”Don’t just cry because it’s over. Smile because it happened.”
I have a confession to make. I don’t always handle relational loss as courageously as I should. When someone chooses to walk out of my life, no matter the reason, I seem to get stuck on the rejection, pain, and disappointment I feel at the moment they stepped away, as though that was the sum total of my experiences with them. But no, we also laughed together, attempted great things for God together and created awesome memories together. I needed to learn how to look at the big picture and celebrate everything that the relationship meant, not just the disappointing end.
When I was 11, my paternal grandfather died. We were living with him at the time. He was a good, honorable and gentleman. He was the one place where I experienced unconditional love during my formative years. The call came in the wee hours of the morning that he had died on the job while working the midnight shift. The house was instantly filled with wailing and sobbing. A shocked look of denial appeared on everyone’s face. Could it be true? Is he really not coming home? For many years thereafter, when I thought of my grandfather, all I seemed able to focus on was how it ended and the grief that I experienced. But then I remembered all the warm and sometimes humorous interactions I had with this amazing man who immigrated to America in the early 1900s to make a better life for himself and his family.
There was the time he was grinding horseradish one summer. He decided to have some fun at my expense. He called out to me, “Stephen, come here.” As I approached, he held up one of the jars of freshly made horseradish to my nose and said with a smile, “Smell.” Not knowing what I was in for, I took a huge sniff. My sinuses and lungs were instantly filled with a form “tear gas” and I stopped breathing. I don’t know what the expression on my face looked like, but it was concerning enough to change my grandfather’s ornery smirk to a look of horror that seemed to say, “Oh my God, I just killed my grandson.”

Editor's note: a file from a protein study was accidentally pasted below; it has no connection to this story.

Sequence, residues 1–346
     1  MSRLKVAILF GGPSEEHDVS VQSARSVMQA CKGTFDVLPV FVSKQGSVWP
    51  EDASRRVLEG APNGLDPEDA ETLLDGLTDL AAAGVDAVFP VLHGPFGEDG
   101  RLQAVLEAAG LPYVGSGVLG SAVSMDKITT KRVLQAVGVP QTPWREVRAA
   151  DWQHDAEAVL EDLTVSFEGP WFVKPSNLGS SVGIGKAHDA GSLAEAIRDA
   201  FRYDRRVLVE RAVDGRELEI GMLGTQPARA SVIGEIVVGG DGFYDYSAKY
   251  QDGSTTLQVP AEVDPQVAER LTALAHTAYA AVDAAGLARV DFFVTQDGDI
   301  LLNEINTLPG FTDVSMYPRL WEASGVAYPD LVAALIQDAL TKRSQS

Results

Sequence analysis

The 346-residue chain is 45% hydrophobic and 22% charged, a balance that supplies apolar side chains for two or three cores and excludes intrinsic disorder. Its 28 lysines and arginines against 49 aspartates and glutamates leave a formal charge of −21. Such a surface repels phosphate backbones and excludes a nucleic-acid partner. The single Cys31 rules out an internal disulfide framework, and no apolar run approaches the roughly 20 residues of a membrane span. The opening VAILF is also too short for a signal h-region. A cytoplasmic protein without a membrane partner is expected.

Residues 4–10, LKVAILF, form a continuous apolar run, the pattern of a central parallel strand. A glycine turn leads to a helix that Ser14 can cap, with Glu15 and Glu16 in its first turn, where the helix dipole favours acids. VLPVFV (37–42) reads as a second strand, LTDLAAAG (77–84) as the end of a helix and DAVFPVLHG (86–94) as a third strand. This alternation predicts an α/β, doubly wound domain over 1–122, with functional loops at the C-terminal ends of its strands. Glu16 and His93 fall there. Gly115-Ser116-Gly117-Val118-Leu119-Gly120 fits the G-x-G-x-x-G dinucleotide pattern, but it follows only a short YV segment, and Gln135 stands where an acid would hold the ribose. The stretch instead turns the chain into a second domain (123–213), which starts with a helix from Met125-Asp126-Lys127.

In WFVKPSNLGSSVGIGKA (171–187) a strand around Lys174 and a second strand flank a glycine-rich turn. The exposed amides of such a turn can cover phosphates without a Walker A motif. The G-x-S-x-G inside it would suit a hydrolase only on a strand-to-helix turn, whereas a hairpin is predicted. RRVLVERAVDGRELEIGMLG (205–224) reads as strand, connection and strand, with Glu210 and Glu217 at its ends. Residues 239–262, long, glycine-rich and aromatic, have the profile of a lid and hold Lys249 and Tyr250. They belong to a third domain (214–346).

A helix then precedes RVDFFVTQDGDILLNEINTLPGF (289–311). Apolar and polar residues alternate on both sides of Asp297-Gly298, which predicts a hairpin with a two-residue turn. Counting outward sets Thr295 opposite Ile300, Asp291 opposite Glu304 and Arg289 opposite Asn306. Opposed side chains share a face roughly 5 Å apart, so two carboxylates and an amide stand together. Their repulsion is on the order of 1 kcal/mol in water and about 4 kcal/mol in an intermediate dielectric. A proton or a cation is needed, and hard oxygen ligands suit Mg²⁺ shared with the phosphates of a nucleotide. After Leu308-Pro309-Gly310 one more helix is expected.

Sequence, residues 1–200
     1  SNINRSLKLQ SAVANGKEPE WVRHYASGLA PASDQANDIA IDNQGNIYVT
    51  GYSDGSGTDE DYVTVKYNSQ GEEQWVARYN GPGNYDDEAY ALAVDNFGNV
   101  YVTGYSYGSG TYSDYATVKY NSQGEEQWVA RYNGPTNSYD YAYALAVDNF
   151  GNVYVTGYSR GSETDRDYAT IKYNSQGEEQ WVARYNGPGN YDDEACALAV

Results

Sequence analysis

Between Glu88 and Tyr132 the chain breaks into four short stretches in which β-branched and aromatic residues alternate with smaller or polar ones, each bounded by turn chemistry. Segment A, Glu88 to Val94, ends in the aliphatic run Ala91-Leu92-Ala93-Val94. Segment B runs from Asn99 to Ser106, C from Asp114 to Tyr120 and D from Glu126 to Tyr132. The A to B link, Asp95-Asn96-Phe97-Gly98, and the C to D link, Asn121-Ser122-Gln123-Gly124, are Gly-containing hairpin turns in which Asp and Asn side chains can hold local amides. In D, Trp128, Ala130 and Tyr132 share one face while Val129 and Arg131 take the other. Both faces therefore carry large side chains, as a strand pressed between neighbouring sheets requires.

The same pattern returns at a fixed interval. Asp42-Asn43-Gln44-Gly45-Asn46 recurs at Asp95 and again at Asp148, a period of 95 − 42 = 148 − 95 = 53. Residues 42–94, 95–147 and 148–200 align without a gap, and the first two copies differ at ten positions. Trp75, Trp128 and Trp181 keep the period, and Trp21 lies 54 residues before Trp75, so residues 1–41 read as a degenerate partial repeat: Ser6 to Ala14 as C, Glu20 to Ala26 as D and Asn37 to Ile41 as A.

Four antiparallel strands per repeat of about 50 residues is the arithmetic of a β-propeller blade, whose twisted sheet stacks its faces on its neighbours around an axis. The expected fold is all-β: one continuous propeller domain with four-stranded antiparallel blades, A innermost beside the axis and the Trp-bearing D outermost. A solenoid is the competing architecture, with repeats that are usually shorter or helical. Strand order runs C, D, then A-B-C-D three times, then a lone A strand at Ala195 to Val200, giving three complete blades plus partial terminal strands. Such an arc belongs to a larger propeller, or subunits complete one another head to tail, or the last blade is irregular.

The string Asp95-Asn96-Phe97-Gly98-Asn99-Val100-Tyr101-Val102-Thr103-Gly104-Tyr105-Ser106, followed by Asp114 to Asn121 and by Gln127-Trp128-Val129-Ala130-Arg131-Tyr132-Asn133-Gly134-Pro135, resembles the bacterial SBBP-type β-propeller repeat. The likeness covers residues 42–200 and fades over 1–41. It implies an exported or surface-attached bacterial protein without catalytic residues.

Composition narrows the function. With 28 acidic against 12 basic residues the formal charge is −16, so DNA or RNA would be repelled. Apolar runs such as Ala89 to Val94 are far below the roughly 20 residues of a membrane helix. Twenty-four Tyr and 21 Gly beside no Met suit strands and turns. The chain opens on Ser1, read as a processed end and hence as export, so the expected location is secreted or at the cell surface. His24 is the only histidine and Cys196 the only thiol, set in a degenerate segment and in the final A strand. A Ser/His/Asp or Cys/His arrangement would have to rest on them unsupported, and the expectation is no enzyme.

Then there was the day he decided to show me how parchment paper is made. He worked for decades at the Patterson Parchment Paper Co. and was so proud of his job. We went to the kitchen where he started to lay out the materials: old newspapers, pieces of cloth, and a concoction of chemicals that made the kitchen smell like a toxic waste site. We used my grandmother’s cheese grater to grind up the paper and cloth (an action that made her mutter in Czechoslovakian. I think they may have been curse words). We then mixed the materials with the chemicals, and let them foment for a while. Then we took the paper and cloth mixture out of the pan and laid it on a towel that was spread over the kitchen table (I distinctly remember hearing more Czech swear words in the background). We rolled it out with grandma’s rolling pin and then set it out in the summer sun to dry. When it was all said and done, we had made some crude parchment paper. I/we were so proud.
My grandfather, John Sabol loved to give me whiskers. That is when he took his rough face with lots of stubble and rubbed it against my smooth, boyish face. It hurt and tickled at the same time, so I laughed and begged him to stop at the same time. Interestingly enough, I have done that same thing to my children, grandchildren, and great-grandchildren. Funny how that happens.
Today, when I think about my grandfather, not only do I shed a tear because it’s over, I smile because it happened!
When I was 12, my mom asked me to choose who I wanted to live with, her or my father, because she was going to leave him the next morning. I was devastated. I didn’t want to have to choose. I loved them both. For many years after the breakup, the only memory and feeling that prevailed was what I experienced the day it ended in 1962. At some point, I started remembering some positive things, too. Like the trip to New York City, the cruise down the Delaware River trips to Seaside Heights, NJ for some beach time. Now I can smile because it happened, not just cry because it’s over.
During our 42 years of ministry, you better believe Nancy and I have experienced many losses. Sometimes people walk away from you for seemingly the most trivial of reasons. But in most of those cases, after enduring the grief and confusion that accompanied the loss, we were able to come to a place where we could remember, not only the painful ending but the many joys we experienced together.
It’s what I think Job meant when he said in the midst of his incredible losses, “The Lord gives, the Lord takes away. Blessed be the name of the Lord” (Job 1:21).
So, my friend, when you think about your relational losses, ask God to help you get to the place where you don’t just cry because it’s over, but you can smile because it happened.